David Troyer

2022-01-17

Find the general solution to the differential equation
$\frac{dy}{dt}={t}^{3}+2{t}^{2}-8t$
Also, part 8B. asks: Show that the constant function $y\left(t\right)=0$ is a solution.
Ive

Maria Lopez

Parts of problems that say ''show that [explicitly given function] is a solution'' can be solved by simply ''plugging in''. E.g., if you're supposed to show that $y\left(t\right)=\frac{1}{t-t}$ is a solution to the differential equation $\frac{dy}{dt}={y}^{2}$, then you should compute $\frac{dy}{dt}=\frac{1}{{\left(1-t\right)}^{2}}$, compute ${y}^{2}=\frac{1}{{\left(1-t\right)}^{2}}$, and ''plug them in'' to check that the differential equation is satisfied for this choice of y.
You're correct that the difference in the second problem is that you no longer have the derivative with respect to t expressed as a function of t. When the equation involves both a function y and its derivative (or derivatives), it can generally be more difficult to solve. In this case, a hint I'll give you is that $\frac{dy}{dt}=\frac{1}{\frac{dt}{dy}}$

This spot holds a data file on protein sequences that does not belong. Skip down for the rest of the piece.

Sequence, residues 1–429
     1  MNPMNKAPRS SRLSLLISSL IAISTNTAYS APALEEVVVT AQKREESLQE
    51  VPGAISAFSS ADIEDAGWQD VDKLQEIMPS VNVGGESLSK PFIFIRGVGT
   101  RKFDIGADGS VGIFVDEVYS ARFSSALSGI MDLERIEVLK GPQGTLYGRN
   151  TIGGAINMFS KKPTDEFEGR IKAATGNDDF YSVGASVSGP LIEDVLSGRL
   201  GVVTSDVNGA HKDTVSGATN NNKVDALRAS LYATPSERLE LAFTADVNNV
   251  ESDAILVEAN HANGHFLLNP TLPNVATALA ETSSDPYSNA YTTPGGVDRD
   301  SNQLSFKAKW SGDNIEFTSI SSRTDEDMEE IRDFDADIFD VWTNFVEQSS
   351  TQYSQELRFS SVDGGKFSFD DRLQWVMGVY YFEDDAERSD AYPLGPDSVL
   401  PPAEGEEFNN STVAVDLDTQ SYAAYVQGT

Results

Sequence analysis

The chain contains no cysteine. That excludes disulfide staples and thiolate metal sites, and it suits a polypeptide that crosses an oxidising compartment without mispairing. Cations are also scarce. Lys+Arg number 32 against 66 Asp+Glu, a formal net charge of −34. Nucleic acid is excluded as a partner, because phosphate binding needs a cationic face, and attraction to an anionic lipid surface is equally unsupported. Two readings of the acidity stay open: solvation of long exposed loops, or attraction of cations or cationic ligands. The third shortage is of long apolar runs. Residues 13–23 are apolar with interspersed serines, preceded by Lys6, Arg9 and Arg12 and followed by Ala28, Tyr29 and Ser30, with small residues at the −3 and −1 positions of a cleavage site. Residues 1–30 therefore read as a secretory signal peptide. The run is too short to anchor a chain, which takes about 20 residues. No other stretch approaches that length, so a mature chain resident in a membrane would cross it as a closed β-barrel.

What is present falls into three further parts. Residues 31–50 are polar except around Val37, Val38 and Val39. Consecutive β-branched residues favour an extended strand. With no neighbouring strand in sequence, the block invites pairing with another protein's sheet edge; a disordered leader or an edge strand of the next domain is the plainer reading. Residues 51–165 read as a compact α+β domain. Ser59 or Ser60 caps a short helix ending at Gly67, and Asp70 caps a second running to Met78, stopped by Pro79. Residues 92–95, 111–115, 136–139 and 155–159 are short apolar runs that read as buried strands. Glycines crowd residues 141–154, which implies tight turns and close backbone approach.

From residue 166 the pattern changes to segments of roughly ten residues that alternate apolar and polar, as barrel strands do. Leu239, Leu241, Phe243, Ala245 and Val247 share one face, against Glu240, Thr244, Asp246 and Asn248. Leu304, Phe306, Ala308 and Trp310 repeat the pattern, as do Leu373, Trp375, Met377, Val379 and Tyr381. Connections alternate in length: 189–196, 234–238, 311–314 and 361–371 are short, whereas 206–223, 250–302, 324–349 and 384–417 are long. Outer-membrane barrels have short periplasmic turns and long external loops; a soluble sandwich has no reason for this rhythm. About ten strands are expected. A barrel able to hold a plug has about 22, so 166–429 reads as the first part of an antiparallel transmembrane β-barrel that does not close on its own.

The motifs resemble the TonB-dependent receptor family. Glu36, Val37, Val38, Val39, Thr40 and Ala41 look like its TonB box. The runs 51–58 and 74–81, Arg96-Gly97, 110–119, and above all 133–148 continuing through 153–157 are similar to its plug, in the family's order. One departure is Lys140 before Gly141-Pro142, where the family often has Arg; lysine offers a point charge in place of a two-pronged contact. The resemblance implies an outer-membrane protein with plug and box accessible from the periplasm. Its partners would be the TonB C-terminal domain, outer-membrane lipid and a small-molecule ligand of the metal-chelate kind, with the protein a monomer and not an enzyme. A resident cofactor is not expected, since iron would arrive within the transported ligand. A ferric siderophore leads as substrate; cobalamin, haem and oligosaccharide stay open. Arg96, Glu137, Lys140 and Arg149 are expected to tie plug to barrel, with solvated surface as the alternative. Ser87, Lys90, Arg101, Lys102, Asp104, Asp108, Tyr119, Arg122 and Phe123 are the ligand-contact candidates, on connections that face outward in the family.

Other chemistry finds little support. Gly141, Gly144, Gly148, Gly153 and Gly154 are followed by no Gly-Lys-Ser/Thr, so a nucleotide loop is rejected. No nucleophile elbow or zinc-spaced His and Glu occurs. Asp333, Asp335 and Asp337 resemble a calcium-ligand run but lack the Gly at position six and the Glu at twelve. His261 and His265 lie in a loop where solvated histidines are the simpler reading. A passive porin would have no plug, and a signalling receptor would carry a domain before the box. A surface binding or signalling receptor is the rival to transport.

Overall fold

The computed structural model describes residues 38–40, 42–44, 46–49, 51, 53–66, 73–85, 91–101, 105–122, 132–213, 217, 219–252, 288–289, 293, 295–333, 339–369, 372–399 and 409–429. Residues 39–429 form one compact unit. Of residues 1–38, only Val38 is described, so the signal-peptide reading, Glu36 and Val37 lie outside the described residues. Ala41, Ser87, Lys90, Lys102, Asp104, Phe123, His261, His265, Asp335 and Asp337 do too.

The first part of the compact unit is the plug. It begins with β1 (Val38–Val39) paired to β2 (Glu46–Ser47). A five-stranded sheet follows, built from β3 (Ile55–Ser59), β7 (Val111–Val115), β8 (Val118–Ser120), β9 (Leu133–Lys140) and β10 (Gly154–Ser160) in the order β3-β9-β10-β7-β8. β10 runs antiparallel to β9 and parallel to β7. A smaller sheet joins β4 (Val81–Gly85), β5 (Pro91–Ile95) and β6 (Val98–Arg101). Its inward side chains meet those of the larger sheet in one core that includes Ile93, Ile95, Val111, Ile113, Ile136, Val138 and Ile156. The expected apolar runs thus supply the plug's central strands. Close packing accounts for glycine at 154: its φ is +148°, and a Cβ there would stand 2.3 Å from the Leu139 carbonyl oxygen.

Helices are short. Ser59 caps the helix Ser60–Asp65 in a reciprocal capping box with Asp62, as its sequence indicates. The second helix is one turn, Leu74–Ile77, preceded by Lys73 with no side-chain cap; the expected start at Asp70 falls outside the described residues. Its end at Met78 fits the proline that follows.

You can first turn things around and think of t as a function of y. You can find t(y) using similar methods to the first problem (but with a more complicated function), and then find the inverse function to get y(t).

Janet Young

The difference is that the main variable is y and you separate the variables to integrate and obtain the solution
Hint 1:
The first equation is very easy, so:
$\frac{dy}{dt}={t}^{3}+2{t}^{2}-8t⇒dy=\left({t}^{3}+2{t}^{2}-8t\right)dt⇒\int dy=\int \left({t}^{3}+2{t}^{2}-8t\right)dt$
Hint 2:
For the other.
$\frac{dy}{dt}={y}^{3}+2{y}^{2}-8y⇒\frac{1}{{y}^{3}+2{y}^{2}-8y}dy=dt$
Then proceed integrating.

alenahelenash

In the first question, you are given the derivative in terms of the variable. But in the second question, you are given an expression for the derivative that involves the function. For instance, it would be one thing if you were told $\frac{dy}{dx}=x$ (which would mean that $y=\frac{1}{2}{x}^{2}+C$), and a completely different thing if you are told $\frac{dy}{dx}=y$ (this tells you that the function y is equal to its derivative; which means that $y=A{e}^{x}$ for some constant A). Actually, we can solve the second differential equation; but we dont

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